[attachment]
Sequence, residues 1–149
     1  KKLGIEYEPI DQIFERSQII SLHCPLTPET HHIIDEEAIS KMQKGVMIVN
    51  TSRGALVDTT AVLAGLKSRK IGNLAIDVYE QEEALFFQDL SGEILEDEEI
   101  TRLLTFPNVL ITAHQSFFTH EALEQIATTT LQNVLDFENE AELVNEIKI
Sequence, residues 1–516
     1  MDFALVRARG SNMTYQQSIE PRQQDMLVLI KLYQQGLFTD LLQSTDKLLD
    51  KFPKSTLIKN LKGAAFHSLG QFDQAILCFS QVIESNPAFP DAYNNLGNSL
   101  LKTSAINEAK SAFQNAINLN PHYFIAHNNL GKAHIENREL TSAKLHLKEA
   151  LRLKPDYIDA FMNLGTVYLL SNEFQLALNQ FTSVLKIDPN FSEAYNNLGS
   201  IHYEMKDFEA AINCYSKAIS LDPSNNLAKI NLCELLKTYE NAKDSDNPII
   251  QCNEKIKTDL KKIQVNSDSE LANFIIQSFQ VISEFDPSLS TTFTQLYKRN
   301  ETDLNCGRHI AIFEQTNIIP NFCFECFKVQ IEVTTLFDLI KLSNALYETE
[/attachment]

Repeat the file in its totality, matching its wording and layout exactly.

Sequence, residues 1–149
     1  KKLGIEYEPI DQIFERSQII SLHCPLTPET HHIIDEEAIS KMQKGVMIVN
    51  TSRGALVDTT AVLAGLKSRK IGNLAIDVYE QEEALFFQDL SGEILEDEEI
   101  TRLLTFPNVL ITAHQSFFTH EALEQIATTT LQNVLDFENE AELVNEIKI
Sequence, residues 1–516
     1  MDFALVRARG SNMTYQQSIE PRQQDMLVLI KLYQQGLFTD LLQSTDKLLD
    51  KFPKSTLIKN LKGAAFHSLG QFDQAILCFS QVIESNPAFP DAYNNLGNSL
   101  LKTSAINEAK SAFQNAINLN PHYFIAHNNL GKAHIENREL TSAKLHLKEA
   151  LRLKPDYIDA FMNLGTVYLL SNEFQLALNQ FTSVLKIDPN FSEAYNNLGS
   201  IHYEMKDFEA AINCYSKAIS LDPSNNLAKI NLCELLKTYE NAKDSDNPII
   251  QCNEKIKTDL KKIQVNSDSE LANFIIQSFQ VISEFDPSLS TTFTQLYKRN
   301  ETDLNCGRHI AIFEQTNIIP NFCFECFKVQ IEVTTLFDLI KLSNALYETE